The following is from the July 31, 2008, edition of Pegasus News.
By Erin Rice
There are two things you notice immediately after you step into the office of Dr. Rick Halperin, director of SMU's Human Rights Education Program.
First, one can hardly navigate the triangular space through the various stacks of books. Completely filling the bookcase along the far wall, numberous texts on human rights, peace, Rwanda, etc. are stacked on the floor behind and in front of his desk, on his desk, on chairs, and nearly spilling out in the hallway of SMU’s historic Dallas Hall.
Despite the physical obstructions, Halperin is surprisingly accessible, which is the second thing you notice right away. Speaking with a sometimes-heavy Alabama-bred accent, he can proceed to discuss any number of human injustices, but what you hear is his hopeful predisposition, as opposed to an end-of-the-world rant.
In July 2006, Southern Methodist University began organizing its Human Rights Education Program. Perhaps redefining some people’s perceptions of this private, Dallas university, it is one of only 14 such programs in the U.S.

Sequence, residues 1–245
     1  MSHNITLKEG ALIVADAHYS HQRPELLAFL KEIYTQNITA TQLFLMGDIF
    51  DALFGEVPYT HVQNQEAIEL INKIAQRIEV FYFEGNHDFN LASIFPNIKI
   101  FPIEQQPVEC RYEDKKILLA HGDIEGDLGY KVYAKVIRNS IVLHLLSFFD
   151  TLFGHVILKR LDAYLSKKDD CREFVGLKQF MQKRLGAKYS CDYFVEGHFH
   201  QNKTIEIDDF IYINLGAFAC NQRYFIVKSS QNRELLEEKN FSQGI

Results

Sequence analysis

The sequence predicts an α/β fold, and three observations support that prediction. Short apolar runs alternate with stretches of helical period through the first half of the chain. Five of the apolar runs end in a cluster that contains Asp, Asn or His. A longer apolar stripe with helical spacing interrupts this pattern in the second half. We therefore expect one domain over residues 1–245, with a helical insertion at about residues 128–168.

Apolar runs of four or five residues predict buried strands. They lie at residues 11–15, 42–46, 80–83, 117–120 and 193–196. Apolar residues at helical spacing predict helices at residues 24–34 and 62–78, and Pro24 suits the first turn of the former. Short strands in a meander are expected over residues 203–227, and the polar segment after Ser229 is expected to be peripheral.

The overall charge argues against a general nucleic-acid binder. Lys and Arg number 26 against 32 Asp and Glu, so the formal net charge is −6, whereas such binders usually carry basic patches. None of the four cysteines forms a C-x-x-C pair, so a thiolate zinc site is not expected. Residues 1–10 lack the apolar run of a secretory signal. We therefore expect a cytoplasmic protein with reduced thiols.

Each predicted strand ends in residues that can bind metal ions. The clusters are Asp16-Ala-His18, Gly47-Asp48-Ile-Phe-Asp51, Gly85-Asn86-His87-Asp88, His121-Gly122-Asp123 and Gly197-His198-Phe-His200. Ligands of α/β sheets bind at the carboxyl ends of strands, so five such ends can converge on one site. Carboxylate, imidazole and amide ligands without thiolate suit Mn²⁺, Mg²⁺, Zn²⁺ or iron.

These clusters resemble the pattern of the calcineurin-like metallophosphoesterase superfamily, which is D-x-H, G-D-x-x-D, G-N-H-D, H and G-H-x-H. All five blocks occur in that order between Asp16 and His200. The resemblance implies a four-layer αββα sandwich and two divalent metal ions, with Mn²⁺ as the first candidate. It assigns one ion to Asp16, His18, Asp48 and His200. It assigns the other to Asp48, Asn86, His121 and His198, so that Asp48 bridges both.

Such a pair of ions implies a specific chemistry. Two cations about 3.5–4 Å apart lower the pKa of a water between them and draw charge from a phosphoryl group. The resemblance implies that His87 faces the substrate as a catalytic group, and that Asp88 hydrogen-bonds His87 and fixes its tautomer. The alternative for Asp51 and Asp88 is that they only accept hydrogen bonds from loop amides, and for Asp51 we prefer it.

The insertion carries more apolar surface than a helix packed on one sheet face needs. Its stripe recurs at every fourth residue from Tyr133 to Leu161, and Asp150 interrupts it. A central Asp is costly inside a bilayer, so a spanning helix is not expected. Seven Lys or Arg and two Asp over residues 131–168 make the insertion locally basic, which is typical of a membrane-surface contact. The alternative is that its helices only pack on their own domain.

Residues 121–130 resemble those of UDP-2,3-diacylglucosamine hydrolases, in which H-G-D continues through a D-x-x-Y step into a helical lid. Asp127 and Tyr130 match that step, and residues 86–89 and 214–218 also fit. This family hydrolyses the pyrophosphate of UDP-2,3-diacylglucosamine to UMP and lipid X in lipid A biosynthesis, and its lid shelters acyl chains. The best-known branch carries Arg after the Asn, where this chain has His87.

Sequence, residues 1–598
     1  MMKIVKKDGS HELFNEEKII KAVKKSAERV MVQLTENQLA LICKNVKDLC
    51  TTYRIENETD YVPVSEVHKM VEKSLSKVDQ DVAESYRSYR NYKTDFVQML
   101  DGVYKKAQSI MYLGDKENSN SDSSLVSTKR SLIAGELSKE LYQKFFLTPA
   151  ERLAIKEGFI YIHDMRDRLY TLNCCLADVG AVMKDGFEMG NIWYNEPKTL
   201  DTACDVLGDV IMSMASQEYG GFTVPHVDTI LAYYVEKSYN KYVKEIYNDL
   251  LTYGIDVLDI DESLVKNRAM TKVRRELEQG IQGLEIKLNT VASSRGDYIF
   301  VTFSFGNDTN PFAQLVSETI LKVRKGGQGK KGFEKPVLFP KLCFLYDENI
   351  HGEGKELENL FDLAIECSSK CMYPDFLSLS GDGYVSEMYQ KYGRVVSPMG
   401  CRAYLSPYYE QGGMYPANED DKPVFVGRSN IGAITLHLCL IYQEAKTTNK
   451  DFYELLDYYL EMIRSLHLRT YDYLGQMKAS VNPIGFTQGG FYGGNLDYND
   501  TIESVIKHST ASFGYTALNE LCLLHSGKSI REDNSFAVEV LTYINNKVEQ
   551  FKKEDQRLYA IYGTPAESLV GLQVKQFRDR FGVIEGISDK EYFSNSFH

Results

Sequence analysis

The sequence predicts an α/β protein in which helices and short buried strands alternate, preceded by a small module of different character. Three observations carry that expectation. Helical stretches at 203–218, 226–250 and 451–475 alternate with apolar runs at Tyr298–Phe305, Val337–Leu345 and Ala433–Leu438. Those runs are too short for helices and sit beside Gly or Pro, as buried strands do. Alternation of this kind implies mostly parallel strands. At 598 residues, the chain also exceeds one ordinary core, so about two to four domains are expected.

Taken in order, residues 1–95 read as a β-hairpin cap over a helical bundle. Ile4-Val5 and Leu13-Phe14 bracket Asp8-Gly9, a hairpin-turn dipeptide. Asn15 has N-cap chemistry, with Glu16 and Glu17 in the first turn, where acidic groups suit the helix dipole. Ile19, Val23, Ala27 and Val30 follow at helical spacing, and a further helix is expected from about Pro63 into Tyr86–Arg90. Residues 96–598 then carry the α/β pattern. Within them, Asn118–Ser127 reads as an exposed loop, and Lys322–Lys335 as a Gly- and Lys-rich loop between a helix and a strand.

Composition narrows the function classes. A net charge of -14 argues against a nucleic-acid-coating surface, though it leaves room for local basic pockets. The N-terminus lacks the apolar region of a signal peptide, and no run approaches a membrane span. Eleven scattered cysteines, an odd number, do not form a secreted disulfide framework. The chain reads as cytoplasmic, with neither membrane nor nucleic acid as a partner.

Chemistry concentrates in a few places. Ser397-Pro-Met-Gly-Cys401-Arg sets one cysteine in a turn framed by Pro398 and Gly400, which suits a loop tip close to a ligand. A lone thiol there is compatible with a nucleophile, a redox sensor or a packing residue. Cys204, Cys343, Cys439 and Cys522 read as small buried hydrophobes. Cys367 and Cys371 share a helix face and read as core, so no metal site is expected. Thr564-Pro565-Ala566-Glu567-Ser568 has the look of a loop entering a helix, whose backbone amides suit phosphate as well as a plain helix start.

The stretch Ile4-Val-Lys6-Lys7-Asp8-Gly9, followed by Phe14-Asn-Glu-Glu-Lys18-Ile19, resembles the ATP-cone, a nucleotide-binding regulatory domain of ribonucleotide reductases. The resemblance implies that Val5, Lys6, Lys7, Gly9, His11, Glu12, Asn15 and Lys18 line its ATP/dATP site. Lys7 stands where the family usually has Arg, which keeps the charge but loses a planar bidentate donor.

Before the program came to be, Halperin, a history professor at SMU since 1985 and Amnesty International USA board member, would yearly visit Holocaust sites in Poland. As he explains, “Every December, I would take a group of anybody who was interested – faculty, staff, community - anybody.”
On the 2005 trip, one graduate student was particularly moved by her experience. It happened that she was the daughter of J. Lindsay Embrey, who in 2003 gave $7.5 million to SMU’s School of Engineering, after giving more than $6 million to the school and athletics program in years prior. “In February of ‘06, she [Lauren Embrey] and her sister [Gayle] approached me and said that they wanted to give money to create a human rights program at SMU. I was flabbergasted,” Halperin remarks.
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